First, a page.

Doxing is the practice of collecting personal info (public or private) and publishing it online. It has been used as a means of intimidation and harassment and CLDC has been asked more than once “what if it happens to me?”
The easiest way to be doxed is from information that is already available online — your harasser collects that information and makes it more easily accessible, on, for example F*c*book or 4chan. Unfortunately, if your information is already online for the doxer to take, it can be very difficult (or impossible) to remove. Feminist Frequency has advice on how to get such information removed, written by three outspoken feminists that have experienced plenty of online harassment. To see how vulnerable you are to doxing, you could try to dox yourself (without that final step of publishing it online) by trying to find information about yourself online (and then try to get that information removed). These slides give a detailed guide on how to do that with some tools and resources you might not otherwise think to use.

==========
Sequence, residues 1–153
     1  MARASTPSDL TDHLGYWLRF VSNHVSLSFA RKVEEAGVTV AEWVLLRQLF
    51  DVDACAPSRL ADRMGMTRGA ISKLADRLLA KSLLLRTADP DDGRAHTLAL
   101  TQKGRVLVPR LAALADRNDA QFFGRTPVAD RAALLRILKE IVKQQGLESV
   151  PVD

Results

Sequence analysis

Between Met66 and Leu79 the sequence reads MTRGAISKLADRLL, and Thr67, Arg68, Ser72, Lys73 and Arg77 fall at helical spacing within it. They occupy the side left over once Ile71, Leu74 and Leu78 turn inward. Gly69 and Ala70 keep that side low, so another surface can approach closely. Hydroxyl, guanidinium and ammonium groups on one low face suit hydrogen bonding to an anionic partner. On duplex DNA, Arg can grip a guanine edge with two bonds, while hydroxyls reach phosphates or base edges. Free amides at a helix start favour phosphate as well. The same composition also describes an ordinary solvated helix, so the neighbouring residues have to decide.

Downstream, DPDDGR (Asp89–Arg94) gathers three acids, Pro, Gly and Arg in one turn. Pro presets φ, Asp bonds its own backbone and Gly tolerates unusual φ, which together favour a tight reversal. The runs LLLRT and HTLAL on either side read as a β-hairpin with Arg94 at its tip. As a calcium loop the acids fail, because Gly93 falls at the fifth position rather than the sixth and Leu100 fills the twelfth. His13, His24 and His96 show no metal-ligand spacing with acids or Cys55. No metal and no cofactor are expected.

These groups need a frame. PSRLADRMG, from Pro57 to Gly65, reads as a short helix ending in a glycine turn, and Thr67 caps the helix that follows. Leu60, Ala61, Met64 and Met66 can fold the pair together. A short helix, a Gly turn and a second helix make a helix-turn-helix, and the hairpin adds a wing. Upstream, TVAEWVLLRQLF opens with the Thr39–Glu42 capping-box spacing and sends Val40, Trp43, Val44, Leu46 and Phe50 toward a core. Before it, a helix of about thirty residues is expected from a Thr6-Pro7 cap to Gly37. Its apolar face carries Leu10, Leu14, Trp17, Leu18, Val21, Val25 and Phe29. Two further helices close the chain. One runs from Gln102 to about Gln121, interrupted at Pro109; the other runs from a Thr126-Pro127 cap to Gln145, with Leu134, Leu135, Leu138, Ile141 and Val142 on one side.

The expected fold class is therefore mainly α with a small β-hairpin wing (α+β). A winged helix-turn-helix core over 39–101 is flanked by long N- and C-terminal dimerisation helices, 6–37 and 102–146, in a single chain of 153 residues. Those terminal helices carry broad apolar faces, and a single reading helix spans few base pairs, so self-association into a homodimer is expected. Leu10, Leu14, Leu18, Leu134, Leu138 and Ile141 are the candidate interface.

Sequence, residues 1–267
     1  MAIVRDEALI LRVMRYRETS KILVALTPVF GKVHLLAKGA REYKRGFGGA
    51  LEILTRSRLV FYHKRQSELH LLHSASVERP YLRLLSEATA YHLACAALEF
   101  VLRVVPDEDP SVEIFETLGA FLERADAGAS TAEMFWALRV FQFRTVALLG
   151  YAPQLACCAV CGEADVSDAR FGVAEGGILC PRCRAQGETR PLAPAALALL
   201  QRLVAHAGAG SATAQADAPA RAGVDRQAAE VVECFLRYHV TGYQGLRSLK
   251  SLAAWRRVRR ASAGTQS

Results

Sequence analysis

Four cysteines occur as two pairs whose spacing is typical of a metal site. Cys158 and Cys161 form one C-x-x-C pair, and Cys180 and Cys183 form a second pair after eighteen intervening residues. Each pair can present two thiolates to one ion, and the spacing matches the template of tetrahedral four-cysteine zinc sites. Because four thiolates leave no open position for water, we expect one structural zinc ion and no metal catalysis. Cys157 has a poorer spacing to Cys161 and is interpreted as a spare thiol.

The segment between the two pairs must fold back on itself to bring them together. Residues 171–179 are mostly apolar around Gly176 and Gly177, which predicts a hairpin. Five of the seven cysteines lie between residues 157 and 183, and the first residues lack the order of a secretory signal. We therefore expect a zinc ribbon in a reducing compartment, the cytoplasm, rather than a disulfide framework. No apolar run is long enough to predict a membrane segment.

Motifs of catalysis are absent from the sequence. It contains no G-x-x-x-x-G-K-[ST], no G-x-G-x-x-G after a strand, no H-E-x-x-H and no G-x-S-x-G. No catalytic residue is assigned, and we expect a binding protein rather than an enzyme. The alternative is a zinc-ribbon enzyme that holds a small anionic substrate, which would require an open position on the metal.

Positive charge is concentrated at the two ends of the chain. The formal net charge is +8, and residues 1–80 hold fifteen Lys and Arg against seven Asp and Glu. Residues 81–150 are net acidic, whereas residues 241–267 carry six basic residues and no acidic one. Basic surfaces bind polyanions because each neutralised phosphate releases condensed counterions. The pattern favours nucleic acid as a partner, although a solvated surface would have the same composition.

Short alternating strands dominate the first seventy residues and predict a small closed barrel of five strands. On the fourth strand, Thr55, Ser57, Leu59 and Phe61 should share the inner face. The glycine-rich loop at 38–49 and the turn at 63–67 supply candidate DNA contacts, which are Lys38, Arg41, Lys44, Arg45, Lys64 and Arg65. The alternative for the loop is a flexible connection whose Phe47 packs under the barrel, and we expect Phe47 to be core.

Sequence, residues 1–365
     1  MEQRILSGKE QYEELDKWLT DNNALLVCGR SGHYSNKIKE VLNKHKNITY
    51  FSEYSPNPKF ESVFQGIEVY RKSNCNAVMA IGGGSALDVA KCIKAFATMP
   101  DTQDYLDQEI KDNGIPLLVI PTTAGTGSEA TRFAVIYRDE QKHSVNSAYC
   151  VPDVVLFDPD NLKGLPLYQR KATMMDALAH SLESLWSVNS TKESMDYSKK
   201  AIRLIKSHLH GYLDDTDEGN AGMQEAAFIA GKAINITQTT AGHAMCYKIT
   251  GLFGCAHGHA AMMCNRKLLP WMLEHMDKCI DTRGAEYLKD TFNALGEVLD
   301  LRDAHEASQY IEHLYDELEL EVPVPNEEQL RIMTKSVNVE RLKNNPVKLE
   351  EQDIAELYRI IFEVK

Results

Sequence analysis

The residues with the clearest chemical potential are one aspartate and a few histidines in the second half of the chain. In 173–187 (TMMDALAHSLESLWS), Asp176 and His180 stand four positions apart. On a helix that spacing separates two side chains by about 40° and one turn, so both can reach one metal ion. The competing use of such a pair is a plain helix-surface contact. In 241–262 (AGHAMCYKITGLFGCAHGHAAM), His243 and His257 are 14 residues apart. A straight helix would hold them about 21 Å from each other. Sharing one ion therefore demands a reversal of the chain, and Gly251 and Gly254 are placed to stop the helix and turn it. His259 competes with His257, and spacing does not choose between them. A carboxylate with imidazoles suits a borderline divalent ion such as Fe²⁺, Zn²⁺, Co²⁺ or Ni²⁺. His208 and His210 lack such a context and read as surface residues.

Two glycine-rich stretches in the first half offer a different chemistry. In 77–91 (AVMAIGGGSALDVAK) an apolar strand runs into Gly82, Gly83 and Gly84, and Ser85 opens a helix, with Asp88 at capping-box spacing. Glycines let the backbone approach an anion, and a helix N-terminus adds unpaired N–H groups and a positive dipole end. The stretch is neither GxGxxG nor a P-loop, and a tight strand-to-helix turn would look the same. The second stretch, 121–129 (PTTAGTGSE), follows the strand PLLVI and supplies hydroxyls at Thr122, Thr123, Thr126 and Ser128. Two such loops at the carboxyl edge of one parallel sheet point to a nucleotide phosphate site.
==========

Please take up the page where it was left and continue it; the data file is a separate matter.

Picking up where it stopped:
The Intercept recently reported that doxers are using phishing emails to determine physical locations of their victims. They do this by sending you an email that encourages you to click on a link. Doing so can reveal information about your physical location (via your computer’s routing address or IP address) to the person controlling the website. While you should always be on the lookout for phishing attacks, when in doubt, using the Tor Browser will hide your IP address.
If you’re worried about or have been doxed already and are concerned for your physical safety, as always, we recommend surrounding yourself with a strong community of folks who will look out for each other.
Published September 1, 2017